|Are individuals free to practice and express their religious faith or nonbelief in public and private?||1.001 4.004|
The interim constitution guarantees religious freedom, but houses of worship—used as places of refuge for civilians—have been attacked by gunmen seeking members of rival ethnic groups. An investigation by Radio Tamazuj in 2017 found that at least 40 church leaders had been killed since the civil war began in 2013. They included priests and pastors murdered inside their churches by the warring parties.
Score Change: The score declined from 2 to 1 due to deliberate attacks on churches and clerics by combatants in the civil war, including the reported murders of at least 40 church leaders since 2013.
|Is there academic freedom, and is the educational system free from extensive political indoctrination?||1.001 4.004|
There are no government restrictions on academic freedom. However, the education system has been seriously disrupted by the civil war, with many schools closed or commandeered for military use. A report by the Assessment Capacities Project, a nongovernmental organization (NGO), estimated that by late 2016, one-quarter of schools that had been open at any point since independence were nonfunctional.
|Are individuals free to express their personal views on political or other sensitive topics without fear of surveillance or retribution?||0.000 4.004|
The NSS has extensive powers to conduct surveillance and monitor communications. According to the United Nations, agents have used these powers to intimidate and detain journalists, opposition activists, civil society groups, non-Dinka citizens, and even faith-based organizations, forcing many to flee the country.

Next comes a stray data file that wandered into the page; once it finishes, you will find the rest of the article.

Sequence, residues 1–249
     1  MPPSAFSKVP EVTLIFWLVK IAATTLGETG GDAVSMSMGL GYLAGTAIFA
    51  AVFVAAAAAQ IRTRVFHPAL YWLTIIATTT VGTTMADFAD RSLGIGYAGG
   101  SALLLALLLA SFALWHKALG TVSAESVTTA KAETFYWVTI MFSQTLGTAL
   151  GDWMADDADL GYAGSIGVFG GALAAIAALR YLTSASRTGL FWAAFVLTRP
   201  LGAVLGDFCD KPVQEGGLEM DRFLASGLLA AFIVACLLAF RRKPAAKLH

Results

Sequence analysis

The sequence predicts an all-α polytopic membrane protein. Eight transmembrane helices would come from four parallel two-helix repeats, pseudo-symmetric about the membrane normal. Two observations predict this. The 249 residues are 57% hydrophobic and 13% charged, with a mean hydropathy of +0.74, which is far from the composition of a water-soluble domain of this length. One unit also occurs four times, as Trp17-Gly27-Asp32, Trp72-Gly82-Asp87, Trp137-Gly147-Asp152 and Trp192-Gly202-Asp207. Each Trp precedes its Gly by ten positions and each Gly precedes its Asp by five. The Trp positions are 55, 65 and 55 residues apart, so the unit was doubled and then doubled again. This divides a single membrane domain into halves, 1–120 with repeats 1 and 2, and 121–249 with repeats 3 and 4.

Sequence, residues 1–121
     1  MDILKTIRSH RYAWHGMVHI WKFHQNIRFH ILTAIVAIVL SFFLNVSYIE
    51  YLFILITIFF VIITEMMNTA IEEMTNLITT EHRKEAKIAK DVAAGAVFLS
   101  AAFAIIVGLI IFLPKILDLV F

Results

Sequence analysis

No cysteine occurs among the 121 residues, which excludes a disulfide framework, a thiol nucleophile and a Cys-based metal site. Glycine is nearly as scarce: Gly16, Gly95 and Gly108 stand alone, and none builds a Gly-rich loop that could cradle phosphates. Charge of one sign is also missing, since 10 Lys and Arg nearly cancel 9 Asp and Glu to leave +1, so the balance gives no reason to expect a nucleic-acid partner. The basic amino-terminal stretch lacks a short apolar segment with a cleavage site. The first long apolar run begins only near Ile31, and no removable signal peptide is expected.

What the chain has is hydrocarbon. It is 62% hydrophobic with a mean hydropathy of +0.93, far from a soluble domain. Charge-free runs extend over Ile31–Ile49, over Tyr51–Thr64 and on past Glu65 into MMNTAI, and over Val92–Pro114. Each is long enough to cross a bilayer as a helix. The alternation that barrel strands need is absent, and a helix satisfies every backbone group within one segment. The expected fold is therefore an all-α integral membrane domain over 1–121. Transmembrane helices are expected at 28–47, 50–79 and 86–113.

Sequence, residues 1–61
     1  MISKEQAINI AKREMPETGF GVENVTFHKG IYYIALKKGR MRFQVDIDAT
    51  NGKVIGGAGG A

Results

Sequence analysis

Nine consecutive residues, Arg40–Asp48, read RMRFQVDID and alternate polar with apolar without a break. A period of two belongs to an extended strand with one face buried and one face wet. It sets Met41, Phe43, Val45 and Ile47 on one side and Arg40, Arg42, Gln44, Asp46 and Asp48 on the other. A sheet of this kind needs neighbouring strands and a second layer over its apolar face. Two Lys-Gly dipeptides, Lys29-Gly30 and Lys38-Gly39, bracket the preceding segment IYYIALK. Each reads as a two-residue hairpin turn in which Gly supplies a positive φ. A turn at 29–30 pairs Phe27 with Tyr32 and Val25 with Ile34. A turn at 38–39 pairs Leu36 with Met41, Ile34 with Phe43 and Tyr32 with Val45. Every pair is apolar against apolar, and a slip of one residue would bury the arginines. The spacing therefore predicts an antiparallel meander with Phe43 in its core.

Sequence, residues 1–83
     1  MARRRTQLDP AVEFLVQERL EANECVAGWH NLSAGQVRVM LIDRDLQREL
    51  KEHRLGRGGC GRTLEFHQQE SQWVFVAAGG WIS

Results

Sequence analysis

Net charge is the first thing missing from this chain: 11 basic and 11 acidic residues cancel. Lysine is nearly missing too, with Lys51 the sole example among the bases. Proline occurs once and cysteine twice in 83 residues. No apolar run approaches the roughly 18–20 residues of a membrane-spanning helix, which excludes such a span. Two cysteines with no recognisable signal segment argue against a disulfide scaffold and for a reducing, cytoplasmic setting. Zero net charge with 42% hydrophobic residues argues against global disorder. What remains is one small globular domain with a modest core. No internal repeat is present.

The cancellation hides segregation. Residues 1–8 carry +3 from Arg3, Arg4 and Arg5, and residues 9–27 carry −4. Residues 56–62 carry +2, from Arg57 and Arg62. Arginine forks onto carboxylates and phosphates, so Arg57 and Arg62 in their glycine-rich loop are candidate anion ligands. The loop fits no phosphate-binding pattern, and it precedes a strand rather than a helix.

Score Change: The score declined from 1 to 0 due to pervasive surveillance and intimidation of perceived government opponents by the NSS.
|Is there freedom of assembly?||1.001 4.004|
South Sudan’s commitment to freedom of assembly under the interim constitution is rarely put to the test in the current conditions of war, displacement, and famine, as demonstrations seldom occur. Past protests have been met with excessive force by the authorities.
|Is there freedom for nongovernmental organizations, particularly those that are engaged in human rights– and governance-related work?||0.000 4.004|
The government, including Kiir himself, has adopted a hostile stance toward NGOs, particularly groups that focus on political or human rights issues. According to the United Nations, the NSS has infiltrated civil society organizations, fomenting an atmosphere of fear and distrust. A law passed in 2016 requires NGOs to get written permission from the authorities to conduct activities and hold a bank account in South Sudan, and at least 80 percent of staff must be South Sudanese.